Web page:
- Cargill has announced its Brazil, Uruguay and Argentina supply chains will be free of deforestation and land conversion by 2025.
- The commitments also expand to all row crops in those countries, including soy, corn, wheat and cotton.
- While conservation groups have welcomed the expanded commitment, they say it still leaves out countries like Bolivia, Paraguay and Colombia, where deforestation from the expanding agricultural frontier continues to increase.
Paradise lost? Brazil’s biggest bauxite mining firm denies riverine rights (Nov 27 2023)
- Mineração Rio do Norte (MRN), Brazil’s largest bauxite producer, launched a new mining project in the Amazon region in 2019 but failed to notify and consult four impacted traditional riverine communities that have been established for generations. The villages say their lives are heavily impacted.
- MRN’s stance of no significant impact is backed by IBAMA, Brazil’s environmental agency, because it only is required to recognize Indigenous and Quilombola populations as legitimate traditional peoples guaranteed prior, free, informed consultation — a right enshrined in international law.
- Other traditional riverine communities are being denied such a right, say critics who are calling on President Luiz Inácio Lula da Silva’s government to instruct IBAMA to reduce the impact of mining on riverine communities.
- Action by IBAMA could help preserve the way of life for hundreds of traditional riverine people likely to be affected by a series of new mines planned by MRN. The ruling could also act as a precedent for other traditional communities not currently guaranteed prior, free, informed consultation.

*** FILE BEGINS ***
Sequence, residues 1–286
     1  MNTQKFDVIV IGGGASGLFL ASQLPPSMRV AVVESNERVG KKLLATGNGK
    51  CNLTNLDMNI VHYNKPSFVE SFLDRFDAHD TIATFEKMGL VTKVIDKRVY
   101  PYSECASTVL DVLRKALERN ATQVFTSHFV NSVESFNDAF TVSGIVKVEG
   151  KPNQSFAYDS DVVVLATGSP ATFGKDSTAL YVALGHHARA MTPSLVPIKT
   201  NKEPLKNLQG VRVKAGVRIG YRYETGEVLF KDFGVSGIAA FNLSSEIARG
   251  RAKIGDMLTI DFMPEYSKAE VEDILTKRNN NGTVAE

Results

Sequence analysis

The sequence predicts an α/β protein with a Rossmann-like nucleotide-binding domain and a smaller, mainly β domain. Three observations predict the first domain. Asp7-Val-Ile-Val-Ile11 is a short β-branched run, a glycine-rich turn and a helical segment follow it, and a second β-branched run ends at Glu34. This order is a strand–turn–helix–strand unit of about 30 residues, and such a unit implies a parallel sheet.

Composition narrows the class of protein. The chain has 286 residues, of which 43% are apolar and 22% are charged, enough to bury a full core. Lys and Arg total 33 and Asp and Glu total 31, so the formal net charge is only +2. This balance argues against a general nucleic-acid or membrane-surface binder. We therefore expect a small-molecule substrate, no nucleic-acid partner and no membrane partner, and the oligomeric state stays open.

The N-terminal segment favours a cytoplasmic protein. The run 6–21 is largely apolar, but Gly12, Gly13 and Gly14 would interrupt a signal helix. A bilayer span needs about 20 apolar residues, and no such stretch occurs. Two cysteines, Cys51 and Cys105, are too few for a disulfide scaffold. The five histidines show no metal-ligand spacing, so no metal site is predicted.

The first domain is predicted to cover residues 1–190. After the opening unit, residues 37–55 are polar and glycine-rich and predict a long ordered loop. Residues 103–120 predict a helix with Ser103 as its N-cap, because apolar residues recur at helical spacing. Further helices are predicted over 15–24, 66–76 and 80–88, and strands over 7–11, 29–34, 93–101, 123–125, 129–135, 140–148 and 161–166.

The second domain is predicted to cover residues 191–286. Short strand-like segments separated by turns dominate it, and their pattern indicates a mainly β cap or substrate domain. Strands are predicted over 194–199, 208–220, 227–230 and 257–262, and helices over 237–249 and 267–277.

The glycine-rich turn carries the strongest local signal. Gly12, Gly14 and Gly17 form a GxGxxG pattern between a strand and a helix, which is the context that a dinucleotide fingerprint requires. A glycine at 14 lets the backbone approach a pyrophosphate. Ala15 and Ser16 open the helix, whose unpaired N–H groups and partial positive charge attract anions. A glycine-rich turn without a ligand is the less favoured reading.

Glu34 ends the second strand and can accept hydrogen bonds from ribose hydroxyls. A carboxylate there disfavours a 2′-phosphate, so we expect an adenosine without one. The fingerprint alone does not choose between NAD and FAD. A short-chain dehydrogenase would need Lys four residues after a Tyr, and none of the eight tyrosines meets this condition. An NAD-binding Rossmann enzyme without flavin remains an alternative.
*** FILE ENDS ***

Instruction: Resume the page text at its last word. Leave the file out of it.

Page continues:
Jane Goodall and Dax Dasilva partner with Amazon Indigenous youth for new Roots & Shoots program (Nov 24 2023)
- Jane Goodall is partnering with Dax Dasilva to bring her Roots & Shoots youth program to the Brazilian Amazon to help equip Indigenous youth to protect their ancestral lands.
- On Goodall’s first in-depth visit to the Amazon, she and Dasilva met with Juma Xipaya, who leads resistance against dams and illegal mining and logging in her indigenous territory of the Xipaya, located in Brazil’s Pará state.
- Deforestation and climate change are drying and degrading the Amazon rainforest, and this year saw historic droughts across the region.
- Indigenous territories remain important strongholds for safeguarding the remaining Amazon Rainforest.
Mongabay CEO discusses slowdown in Amazon loss and other positive news (Nov 21 2023)
- It’s been an eventful couple of months for the Amazon Rainforest and for the Mongabay newsroom.
- Brazil’s National Institute for Space Research (INPE) recently shared data showing a 22% decline in deforestation for the year ending July 31, 2023.
- In other exciting news, Mongabay was awarded the prestigious 2023 Biophilia Award for Environmental Communication recently. Past winners have included Pulitzer-winning journalist Elizabeth Kolbert and The Guardian.
- Mongabay has also just launched an entirely new bilingual bureau in Africa. Here to discuss all these developments on this episode of the Mongabay Newscast is CEO and editor-in-chief Rhett Butler.